School: UConn
Course: Design Of Experiments
ID " 7.26. Suppose that in Problem 6.7 ABCD was confounded in replicate I and ABC was confounded in replicate II. Perform the statistical analysis of variance. Source of Variation Sum of Squares Degrees of Freedom Mean Square 657.03 13.78 1 1 657.03 13.78
School: UConn
Course: Design Of Experiments
14.3. A manufacturing engineer is studying the dimensional variability of a particular component that is produced on three machines. Each machine has two spindles, and four components are randomly selected from each spindle. The results follow. Analyze th
School: UConn
Course: Applied Statistics I
1.0 0.6 0.8 We consider two possible values for the population mean (null and alternative) a 0.0 0.2 0.4 0 4 2 0 2 4 6 1.0 0.6 0.8 Using the null hypothesis, set up a rejection region (based on the (null) mean and the confidence level) The red segment in
School: UConn
Course: Statistical Computing
Short Response Answers: 1. I want to be orientation leader because I want to represent how much this campus means to me and hopefully translate that into the incoming freshmen. I love meeting, working, and building relationships with people. Its one of th
School: UConn
Course: Statistical Computing
Local University GPA and SAT scores 4.00 3.75 GPA 3.50 3.25 3.00 2.75 2.50 1200 1300 1400 1500 1600 1700 1800 1900 2000 2100 S R-Sq R-Sq(adj) 0.397020 2.5% 0.0% Sat Score YimingZhangSe ction015D Regression Line for GPA AND SAT scores GPA = 2.570 + 0.00028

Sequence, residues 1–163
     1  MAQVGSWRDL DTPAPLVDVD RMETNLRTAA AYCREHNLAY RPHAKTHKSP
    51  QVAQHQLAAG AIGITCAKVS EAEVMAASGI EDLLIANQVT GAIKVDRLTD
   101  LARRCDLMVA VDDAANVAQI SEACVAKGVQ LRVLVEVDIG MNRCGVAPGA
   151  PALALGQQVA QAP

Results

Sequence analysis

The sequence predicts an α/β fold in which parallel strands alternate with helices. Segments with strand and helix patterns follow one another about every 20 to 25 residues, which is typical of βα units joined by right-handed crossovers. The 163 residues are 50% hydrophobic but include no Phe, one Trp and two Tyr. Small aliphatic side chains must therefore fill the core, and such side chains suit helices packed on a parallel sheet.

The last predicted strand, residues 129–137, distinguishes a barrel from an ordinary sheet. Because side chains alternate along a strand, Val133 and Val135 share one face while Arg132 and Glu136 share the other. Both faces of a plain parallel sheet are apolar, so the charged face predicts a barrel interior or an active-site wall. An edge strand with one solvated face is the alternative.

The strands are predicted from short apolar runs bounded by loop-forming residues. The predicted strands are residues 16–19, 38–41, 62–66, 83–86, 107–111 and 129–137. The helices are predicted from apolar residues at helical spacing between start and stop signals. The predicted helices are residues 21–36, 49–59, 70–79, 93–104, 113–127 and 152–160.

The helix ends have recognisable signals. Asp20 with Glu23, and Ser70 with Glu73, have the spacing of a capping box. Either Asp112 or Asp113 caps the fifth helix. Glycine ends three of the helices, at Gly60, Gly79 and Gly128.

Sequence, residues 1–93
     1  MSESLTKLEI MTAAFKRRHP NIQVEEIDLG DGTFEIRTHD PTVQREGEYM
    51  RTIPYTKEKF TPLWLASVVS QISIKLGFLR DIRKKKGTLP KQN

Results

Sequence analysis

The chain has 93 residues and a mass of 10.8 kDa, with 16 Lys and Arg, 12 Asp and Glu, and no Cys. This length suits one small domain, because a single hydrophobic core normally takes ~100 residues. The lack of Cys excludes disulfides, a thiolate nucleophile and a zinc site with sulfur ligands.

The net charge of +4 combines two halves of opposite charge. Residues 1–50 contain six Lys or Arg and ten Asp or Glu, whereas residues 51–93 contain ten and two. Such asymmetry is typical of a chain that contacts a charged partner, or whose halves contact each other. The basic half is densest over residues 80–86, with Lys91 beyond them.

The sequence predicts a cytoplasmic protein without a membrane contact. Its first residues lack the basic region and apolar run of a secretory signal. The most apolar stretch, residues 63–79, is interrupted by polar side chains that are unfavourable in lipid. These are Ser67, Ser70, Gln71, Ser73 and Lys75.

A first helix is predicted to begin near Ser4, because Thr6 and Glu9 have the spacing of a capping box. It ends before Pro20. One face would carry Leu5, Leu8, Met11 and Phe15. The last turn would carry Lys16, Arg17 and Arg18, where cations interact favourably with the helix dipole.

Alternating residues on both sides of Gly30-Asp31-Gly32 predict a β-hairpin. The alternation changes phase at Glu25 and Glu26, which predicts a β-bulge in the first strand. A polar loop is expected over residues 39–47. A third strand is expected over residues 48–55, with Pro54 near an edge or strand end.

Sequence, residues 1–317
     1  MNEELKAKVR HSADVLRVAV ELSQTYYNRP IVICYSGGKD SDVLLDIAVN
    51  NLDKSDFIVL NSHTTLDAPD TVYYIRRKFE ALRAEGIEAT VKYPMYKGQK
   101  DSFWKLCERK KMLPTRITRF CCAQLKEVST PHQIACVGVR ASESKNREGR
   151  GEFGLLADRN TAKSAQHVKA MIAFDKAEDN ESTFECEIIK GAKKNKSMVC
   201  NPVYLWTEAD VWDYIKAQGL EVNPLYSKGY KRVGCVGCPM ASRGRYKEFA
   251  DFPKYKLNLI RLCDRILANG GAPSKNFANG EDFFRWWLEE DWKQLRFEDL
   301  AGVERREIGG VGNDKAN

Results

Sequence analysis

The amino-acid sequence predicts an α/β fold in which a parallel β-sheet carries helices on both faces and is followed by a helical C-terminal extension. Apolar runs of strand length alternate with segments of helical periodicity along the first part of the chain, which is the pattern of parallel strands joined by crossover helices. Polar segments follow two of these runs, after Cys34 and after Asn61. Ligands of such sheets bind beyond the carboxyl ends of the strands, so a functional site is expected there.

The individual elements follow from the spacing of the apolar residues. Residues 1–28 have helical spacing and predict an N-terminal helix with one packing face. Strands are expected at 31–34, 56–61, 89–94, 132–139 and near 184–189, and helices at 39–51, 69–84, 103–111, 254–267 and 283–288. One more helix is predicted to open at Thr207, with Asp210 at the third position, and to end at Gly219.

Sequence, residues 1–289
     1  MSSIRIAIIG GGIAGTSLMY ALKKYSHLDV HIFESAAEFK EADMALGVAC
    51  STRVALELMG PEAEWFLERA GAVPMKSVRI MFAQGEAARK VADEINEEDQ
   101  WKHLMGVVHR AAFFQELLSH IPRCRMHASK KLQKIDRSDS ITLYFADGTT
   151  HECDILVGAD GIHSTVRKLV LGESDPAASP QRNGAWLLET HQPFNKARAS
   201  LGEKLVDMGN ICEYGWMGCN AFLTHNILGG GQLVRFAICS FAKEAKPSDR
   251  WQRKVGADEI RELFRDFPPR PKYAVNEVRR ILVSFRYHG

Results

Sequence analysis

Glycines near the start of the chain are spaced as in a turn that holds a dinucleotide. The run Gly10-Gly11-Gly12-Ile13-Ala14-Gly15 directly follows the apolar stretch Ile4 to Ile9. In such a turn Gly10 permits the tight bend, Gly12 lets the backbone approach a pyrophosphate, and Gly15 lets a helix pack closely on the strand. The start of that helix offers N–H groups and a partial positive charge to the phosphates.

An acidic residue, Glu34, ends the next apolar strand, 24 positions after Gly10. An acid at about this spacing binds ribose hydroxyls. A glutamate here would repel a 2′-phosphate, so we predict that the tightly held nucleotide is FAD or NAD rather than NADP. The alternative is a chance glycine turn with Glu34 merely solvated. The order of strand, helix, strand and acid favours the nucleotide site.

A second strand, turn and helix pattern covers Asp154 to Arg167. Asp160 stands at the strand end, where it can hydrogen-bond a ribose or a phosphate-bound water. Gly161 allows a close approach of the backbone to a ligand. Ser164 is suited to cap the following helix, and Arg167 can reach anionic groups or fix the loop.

School: UConn
Course: Statistical Computing
Yiming Zhang Husky CT Assignment: The article by Shelia Grant Bunch discusses takes a look at the different experiences of 23 grandmothers who are providing full time child care to their grandchildren due to military deployment of their own child. The aut
School: UConn
Course: Statistical Computing
Yiming Zhang Group Presentation Response: Domestic Violence in the NFL Our group agreed on this topic because domestic violence resulted in some of the most viral and controversial gender inequality incidents that has occurred this year. The topic has aff
School: UConn
Course: Introduction To Mathematical Statistics
Final Exam Information Instructor: Steven Chiou General Information The nal examination for this course will be given at 10:30 a.m. on Tuesday, December 11 in our regular class room, CB 206. The exam will be roughly the same length of the second midterm.
School: UConn
Course: Applied Statistics I
Applied Statistics I STAT5505-002 Fall 2015: Tu Th 9:30am - 10:45am; AUST 313 Instructor: Oce Hours: Grader: Elizabeth Schifano <elizabeth.schifano@uconn.edu> AUST 317; Tuesday 10:45am-11:45am or by appointment John (Anthony) Labarga <john.labarga@uconn.e